One of the most prominent examples of experimental genetics is the infamous domesticated silver fox:
The domesticated silver fox …is a domesticated form of the silver morph of the red fox. As a result of selective breeding, the new foxes not only became tamer, but more dog-like as well…
Domesticated foxes exhibit both behavioral and physiological changes from their wild forebears. They are friendlier with humans, put their ears down (like dogs), wag their tails when happy, and vocalize, and bark like domesticated dogs. As a consequence of breeding, they also developed color patterns like domesticated dogs and lost their distinctive musky ‘fox smell’…
The experiment was initiated by scientists hoping to produce easier to handle fur animals and who were interested in the topic of domestication and the process by which wolves became tame domesticated dogs. They saw some retention of juvenile traits by adult dogs, both morphological ones, such as skulls that were unusually broad for their length, and behavioral ones, such as whining, barking, and submission…
[Project founder Dmitry] Belyaev believed that the key factor selected for [in the] domestication of dogs was not size or reproduction, but behavior; specifically, amenability to domestication, or tameability. He selected for low flight distance, that is, the distance one can approach the animal before it runs away. By selecting this behavior it mimics what happened through natural selection in the ancestral past of dogs. More than any other quality, Belyaev believed, tameability must have determined how well an animal would adapt to life among humans. Because behavior is rooted in biology, selecting for tameness and against aggression means selecting for physiological changes in the systems that govern the body’s hormones and neurochemicals. Belyaev decided to test his theory by domesticating foxes; in particular, the silver fox, a dark color form of the red fox. He placed a population of them in the same process of domestication, and he decided to submit this population to a strong selection pressure for inherent tameness.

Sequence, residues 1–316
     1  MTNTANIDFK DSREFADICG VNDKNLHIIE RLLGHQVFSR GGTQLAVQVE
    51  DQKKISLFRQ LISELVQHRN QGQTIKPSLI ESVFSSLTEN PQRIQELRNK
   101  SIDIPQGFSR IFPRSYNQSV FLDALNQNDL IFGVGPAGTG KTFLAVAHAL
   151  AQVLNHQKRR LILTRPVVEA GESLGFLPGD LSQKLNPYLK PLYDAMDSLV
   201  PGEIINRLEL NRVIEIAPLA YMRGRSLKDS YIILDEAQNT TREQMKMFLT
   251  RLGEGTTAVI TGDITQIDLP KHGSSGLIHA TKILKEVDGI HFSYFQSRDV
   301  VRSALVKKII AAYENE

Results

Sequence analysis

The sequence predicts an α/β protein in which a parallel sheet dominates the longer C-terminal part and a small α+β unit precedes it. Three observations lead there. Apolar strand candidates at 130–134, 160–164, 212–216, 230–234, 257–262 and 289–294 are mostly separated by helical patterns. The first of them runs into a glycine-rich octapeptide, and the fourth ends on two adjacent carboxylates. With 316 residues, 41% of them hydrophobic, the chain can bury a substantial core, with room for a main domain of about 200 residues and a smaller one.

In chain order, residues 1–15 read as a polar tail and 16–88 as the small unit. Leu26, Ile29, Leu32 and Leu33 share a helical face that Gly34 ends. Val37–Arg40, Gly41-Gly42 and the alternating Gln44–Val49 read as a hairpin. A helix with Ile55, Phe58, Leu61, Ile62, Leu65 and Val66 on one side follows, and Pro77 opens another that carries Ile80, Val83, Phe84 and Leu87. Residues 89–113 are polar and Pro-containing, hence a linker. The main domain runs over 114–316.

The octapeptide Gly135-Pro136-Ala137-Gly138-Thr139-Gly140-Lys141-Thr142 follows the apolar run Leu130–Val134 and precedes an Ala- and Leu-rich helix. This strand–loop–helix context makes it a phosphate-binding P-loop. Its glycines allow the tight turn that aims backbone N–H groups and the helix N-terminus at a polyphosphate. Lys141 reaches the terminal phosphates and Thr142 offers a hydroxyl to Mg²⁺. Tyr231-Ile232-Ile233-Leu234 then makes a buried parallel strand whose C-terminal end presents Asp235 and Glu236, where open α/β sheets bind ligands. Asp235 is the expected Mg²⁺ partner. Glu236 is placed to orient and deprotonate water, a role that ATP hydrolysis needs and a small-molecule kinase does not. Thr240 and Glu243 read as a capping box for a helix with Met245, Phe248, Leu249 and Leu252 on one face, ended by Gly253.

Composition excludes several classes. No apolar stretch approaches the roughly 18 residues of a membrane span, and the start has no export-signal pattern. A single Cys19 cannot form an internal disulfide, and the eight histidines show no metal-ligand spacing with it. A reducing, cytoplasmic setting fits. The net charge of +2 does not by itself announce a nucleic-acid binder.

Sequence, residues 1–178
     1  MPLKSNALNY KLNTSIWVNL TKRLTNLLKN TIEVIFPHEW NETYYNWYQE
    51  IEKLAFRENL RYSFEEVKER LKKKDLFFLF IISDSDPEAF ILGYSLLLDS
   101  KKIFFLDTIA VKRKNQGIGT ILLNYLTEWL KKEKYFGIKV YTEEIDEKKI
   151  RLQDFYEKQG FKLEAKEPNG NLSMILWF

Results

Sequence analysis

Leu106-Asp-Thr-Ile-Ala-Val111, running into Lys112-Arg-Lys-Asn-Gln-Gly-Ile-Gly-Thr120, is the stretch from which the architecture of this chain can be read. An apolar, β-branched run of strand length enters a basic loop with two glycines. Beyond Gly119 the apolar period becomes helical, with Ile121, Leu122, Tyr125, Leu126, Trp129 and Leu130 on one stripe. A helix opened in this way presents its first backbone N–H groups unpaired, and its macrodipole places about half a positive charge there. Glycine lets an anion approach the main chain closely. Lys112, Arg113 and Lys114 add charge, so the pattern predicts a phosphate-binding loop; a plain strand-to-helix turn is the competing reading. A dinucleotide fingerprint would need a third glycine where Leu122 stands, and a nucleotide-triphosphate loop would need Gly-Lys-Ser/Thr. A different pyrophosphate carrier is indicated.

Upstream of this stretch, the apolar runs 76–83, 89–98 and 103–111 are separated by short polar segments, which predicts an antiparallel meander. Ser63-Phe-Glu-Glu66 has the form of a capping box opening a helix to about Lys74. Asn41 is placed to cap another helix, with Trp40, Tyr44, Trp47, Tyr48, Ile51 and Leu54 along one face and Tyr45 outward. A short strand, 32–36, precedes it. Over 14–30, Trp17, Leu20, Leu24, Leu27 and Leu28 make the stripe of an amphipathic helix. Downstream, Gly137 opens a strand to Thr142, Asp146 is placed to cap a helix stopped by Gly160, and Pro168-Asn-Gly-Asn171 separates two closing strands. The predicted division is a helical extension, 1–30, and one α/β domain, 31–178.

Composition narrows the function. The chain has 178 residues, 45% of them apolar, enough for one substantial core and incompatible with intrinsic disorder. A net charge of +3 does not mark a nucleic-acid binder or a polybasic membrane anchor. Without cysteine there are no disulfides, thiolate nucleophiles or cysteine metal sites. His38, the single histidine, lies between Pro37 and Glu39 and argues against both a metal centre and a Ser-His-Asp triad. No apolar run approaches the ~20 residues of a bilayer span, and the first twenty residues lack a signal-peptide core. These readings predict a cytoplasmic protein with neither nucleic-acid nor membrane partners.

The result is that Russian scientists now have a number of domesticated foxes that are fundamentally different in temperament and behavior from their wild forebears. Some important changes in physiology and morphology are now visible, such as mottled or spotted colored fur. Many scientists believe that these changes related to selecting for tameness are caused by lower adrenaline production in the new breed, which causes these physiological changes in a very small number of generations, thus allowing for these new genetic offshoots not present in the original species.
Bryant Gumbel once observed of former NFL commissioner Paul Tagliabue and his relationship with late NFL Players Union head Gene Upshaw:
Before he cleans out his office, have Paul Tagliabue show you where he keeps Gene Upshaw’s leash. By making the docile head of the players union his personal pet, your predecessor has kept the peace without giving players the kind of guarantees other pros take for granted. Try to make sure no one competent ever replaces Upshaw on your watch.
While watching this TEDtalk by New York Times columnist David Brooks, I thought of silver foxes, Gene Upshaw, and how David Brooks would be the ideal sire for a selective breeding program to produce a tamer right-winger. Generation after generation, you’d just have to breed for floppy ears, wagging tails, and low flight distance and you’d eventually end up with a more amenable Loyal Opposition. American politics would be a simple matter of showing your successor where you kept David Brooks’ leash.
For the record, Brooks does take some well-aimed potshots at his TEDset/Davos-set masters. But his digs are in that long tradition of peasant humor where the serf was allowed to let off some steam while the lord of the manor reached for his knout to give the recalcitrant peasant a good whipping.
I’m confident the next generation of TED-ready, Davos-approved conservative will offer less lip.
And have floppier ears.